Uncompensated Care’ Problem Greatly Overstated
April 4, 2013
President Obama’s health care legislation, referred to as Obamacare, achieves its goal of reducing the number of uninsured in large part by dumping an estimated 16 million low-income Americans into Medicaid, the federal-state health insurance program for the poor.
Medicaid is arguably the worst health insurance coverage in the country, and Obamacare does nothing to fix the program’s many problems, especially its exploding costs.
Many states, including Oklahoma, have said no to the Medicaid expansion. And though those states are doing the right thing, they are being pilloried by liberals and the media.
Obamacare proponents claim the expansion would be a financial windfall for the states. The federal government will cover virtually all of the costs of the newly eligible Medicaid recipients for the first three years, gradually declining to 90 percent of the costs—unless Congress changes its mind, of course, which future budget pressures might force it to do.
And supporters argue that if the state doesn’t expand Medicaid, hospitals will be stuck with billions of dollars in uncompensated care, imposing a huge financial strain.
It’s a compelling argument, but it has been greatly overstated.
The American Hospital Association (AHA) estimates that hospitals, which receive the largest share of health care spending, provided $41.1 billion in uncompensated care in 2011, which includes both bad debts the hospital thought it would receive and charity care.
To put that in perspective, that’s about 1.5 percent of the estimated $2.6 trillion the United States will spend on health care this year. Plus, hospitals, often working in conjunction with the state, have found numerous ways to game federal reimbursements, even to the point that the feds have issued cease-and-desist orders.
To be sure, $41.1 billion is a lot of money, but it’s still pretty small given the size of the U.S. health care system. And we aren’t even sure if that number is reliable. The estimate comes from the AHA, which has a vested interest in ensuring the largest uncompensated care number possible.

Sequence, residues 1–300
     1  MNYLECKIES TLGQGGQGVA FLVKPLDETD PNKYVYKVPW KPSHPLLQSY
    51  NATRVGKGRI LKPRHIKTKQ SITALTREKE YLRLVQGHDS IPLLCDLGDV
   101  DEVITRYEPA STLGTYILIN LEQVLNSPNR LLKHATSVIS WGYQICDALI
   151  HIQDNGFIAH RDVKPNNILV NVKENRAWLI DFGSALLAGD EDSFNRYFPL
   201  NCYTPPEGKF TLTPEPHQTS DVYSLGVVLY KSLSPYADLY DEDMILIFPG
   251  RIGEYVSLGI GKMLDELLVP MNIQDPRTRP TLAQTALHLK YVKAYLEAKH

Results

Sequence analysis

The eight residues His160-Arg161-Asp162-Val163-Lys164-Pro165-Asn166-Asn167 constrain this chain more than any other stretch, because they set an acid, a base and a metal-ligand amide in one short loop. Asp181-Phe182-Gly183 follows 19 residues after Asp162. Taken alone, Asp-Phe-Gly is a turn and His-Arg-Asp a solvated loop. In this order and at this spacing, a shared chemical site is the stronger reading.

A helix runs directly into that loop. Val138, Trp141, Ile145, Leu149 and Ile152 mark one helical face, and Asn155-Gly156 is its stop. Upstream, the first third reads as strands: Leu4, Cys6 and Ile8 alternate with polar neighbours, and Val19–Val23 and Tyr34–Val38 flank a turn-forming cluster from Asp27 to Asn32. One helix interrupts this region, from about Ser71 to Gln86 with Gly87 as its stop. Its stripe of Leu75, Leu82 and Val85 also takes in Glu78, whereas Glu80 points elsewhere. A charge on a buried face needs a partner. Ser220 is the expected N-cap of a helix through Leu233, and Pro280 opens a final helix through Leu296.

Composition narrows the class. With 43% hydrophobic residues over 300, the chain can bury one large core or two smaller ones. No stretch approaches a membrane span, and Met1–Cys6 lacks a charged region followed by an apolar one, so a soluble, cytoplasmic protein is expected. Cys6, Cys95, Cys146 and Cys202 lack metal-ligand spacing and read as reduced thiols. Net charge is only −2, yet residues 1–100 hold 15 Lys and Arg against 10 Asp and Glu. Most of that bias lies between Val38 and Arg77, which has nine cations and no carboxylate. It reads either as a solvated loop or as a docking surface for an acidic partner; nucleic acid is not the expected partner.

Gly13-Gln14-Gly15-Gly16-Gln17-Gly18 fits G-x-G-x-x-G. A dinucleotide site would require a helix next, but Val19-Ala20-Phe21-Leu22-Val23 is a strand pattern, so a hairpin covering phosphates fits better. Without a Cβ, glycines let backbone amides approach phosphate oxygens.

That’s because the federal government subsidizes many hospitals for at least part of their uncompensated care costs—the bigger the uncompensated care number, the greater leverage to demand subsidies. However, those subsidies gradually decline under Obamacare.
The bigger problem is that both Medicare and Medicaid pay significantly less for hospital services than private health insurance. And those underpayments impose larger uncompensated care costs on hospitals than the uninsured.
The actuarial firm Milliman, Inc. published a study in 2008 that concluded that “the total annual cost shift in the United States from Medicare and Medicaid to commercial payers is approximately $88.8 billion.”
In other words, hospitals have made up for those underpayments by charging patients with private insurance more. And health insurers eventually pass those higher costs on to consumers in the form of higher premiums. Expanding Medicaid to an additional 16 million people only exacerbates that underpayment problem.
Oklahoma is looking for innovative ways to provide some coverage for its low-income population, without the top-down federal micromanaging and access-to-care problems that would come with Medicaid expansion.
Health policy expert Merrill Matthews (Ph.D., University of Texas at Dallas) is a resident scholar with the Institute for Policy Innovation and a weekly contributor at Forbes.com. He is a past president of the Health Economics Roundtable for the National Association for Business Economics, and is co-author of the OCPA policy paper “Has SoonerCare Achieved Its Objectives? A Five-Year Checkup.”